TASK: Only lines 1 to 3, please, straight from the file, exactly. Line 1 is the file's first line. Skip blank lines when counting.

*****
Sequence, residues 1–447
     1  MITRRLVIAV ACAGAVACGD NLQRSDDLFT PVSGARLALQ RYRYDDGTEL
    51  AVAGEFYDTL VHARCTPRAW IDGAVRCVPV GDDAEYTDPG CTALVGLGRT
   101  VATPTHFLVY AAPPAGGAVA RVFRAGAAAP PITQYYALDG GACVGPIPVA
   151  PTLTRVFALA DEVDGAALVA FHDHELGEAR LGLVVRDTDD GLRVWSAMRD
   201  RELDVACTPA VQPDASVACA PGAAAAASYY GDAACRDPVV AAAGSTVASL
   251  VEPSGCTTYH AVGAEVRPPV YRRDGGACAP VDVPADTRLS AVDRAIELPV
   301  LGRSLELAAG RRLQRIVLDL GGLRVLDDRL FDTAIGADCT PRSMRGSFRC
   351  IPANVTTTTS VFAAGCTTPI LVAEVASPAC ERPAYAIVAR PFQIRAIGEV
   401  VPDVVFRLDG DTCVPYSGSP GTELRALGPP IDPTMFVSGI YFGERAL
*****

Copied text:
Sequence, residues 1–447
     1  MITRRLVIAV ACAGAVACGD NLQRSDDLFT PVSGARLALQ RYRYDDGTEL
    51  AVAGEFYDTL VHARCTPRAW IDGAVRCVPV GDDAEYTDPG CTALVGLGRT